DANIEL SMITH/THE HOYA GUPD Chief Jay Gruber fielded questions from students at a roundtable discussion on Tuesday.
DANIEL SMITH/THE HOYA
GUPD Chief Jay Gruber fielded questions from students at a roundtable discussion on Tuesday.

Georgetown University Police Department Chief of Police Jay Gruber answered student questions on topics ranging from freedom of speech to the new LiveSafe app at the fourth GUPD Roundtable Tuesday in the Healey Family Student Center Social Room.

During the event, which was sponsored by the Georgetown University Student Association, students discussed safety concerns and campus policies with Gruber.

“One of the most important things for me is to get feedback from the students,” Gruber said. “I’m here to serve the students. I really enjoy engaging students and getting their input, their information and feedback.”

The roundtable attracted more than 20 students, the largest GUPD roundtable turnout to date, according to GUSA Secretary of Student Health and Safety Nora West (SFS ‘15).

Throughout the roundtable West asked Gruber questions, which were submitted online by students prior to the meeting.

Much of the discussion focused around last week’s removal of a H*yas for Choice table outside of the front gates by a GUPD officer. The group was situated on the corners of 37th and O streets in a protest of the university’s bestowal of an honorary degree upon Donald Cardinal Wuerl, due to his beliefs about LGBTQ rights and women’s health.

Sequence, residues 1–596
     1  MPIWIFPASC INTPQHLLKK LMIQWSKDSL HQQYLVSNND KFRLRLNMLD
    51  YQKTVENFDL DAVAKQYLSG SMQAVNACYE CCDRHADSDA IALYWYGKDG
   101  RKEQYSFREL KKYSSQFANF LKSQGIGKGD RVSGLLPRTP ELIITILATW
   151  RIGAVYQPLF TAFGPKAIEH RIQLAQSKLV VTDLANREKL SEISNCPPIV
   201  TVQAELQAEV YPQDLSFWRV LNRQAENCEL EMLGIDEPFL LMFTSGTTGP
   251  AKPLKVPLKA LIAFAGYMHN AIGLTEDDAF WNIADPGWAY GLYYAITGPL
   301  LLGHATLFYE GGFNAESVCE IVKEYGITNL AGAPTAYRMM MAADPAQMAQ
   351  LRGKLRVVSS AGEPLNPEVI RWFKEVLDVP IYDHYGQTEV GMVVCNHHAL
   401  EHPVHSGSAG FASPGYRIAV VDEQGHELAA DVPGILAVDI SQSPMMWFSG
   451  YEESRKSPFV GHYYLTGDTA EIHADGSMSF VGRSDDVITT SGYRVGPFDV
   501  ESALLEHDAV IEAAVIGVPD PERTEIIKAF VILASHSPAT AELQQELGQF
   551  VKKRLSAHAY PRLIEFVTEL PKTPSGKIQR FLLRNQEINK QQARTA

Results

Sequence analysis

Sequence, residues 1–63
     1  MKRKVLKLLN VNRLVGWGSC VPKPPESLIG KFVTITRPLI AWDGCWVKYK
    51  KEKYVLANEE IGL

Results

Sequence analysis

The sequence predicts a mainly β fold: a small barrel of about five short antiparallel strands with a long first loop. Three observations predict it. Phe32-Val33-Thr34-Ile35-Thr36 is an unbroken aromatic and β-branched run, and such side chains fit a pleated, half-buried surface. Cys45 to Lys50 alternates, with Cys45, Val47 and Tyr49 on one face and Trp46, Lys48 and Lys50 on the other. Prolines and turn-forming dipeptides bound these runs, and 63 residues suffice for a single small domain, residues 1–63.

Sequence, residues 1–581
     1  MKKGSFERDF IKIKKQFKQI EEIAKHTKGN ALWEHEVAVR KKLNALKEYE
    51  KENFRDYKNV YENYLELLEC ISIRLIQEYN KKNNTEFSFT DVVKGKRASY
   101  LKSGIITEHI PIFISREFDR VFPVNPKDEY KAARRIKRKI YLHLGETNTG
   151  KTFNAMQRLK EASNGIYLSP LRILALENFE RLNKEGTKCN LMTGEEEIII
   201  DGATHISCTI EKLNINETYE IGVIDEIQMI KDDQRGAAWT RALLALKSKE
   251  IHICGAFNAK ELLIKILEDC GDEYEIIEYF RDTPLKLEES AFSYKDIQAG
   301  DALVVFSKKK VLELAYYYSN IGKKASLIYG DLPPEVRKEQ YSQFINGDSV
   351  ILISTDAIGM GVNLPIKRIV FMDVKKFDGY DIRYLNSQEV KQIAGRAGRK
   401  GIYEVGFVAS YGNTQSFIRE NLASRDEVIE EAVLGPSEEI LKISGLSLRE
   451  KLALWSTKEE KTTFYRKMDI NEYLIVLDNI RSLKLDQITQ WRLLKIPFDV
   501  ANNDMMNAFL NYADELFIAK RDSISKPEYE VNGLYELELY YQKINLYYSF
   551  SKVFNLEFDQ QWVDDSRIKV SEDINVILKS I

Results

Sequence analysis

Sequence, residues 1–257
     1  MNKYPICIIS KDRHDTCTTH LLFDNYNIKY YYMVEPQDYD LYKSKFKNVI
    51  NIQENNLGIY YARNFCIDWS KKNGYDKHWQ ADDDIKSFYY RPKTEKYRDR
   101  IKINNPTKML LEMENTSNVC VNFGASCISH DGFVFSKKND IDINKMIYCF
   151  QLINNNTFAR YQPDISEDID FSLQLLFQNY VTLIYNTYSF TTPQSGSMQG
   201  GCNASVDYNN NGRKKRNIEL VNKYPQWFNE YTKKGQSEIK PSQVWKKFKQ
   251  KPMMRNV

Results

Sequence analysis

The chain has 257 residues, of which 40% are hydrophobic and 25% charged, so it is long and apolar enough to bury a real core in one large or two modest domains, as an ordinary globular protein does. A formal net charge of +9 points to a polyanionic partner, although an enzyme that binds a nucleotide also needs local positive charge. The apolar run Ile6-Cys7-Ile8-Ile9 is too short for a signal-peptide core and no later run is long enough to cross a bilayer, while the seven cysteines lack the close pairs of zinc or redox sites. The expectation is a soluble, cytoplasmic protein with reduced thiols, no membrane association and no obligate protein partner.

“We screwed up,” Gruber said. “It never should have happened, never should have happened. I apologized to the president of H*yas for Choice, and I let the student body know I apologized. It was wrong.”

Gruber said that GUPD does not enforce any D.C. street laws and that GUPD was acting outside of its limits when it removed the H*yas for Choice table.

“The speech and expression policy didn’t even have any place outside the gates of the university,” Gruber said. “I could have three people naked carrying signs in the middle of 37th and O protesting the president. I don’t have a dog in the fight.”

In response to the incident, the Center for Student Engagement will be training the GUPD leadership staff on Oct. 8, according to Gruber. Additionally, every GUPD officer ranked sergeant and below will be trained in the university’s speech and expression policy in the coming months.

Gruber also used the roundtable as an opportunity to talk about the university’s LiveSafe app, a mobile crime app that allows students to report tips to GUPD by either streaming video or by sending a text.

According to Gruber, 900 people have signed up since the app launched at the start of New Student Orientation in August, yet Gruber noted that he had hoped that there would be 2,000 to 3,000 sign-ups by this time.

Another topic brought up at the roundtable was the SafeRides program. Gruber said that a number of improvements have been implemented in order to help bring transparency and greater accessibility to the program by releasing an update to the LiveSafe app that will allow students to request a SafeRide pickup and track the van while it is en route.

“It’s a program that I have,” Gruber said regarding SafeRides. “And any program that I have to serve students, I need it to run well. And its not running 100 percent right now, but I guarantee you it is something we’re working on.”

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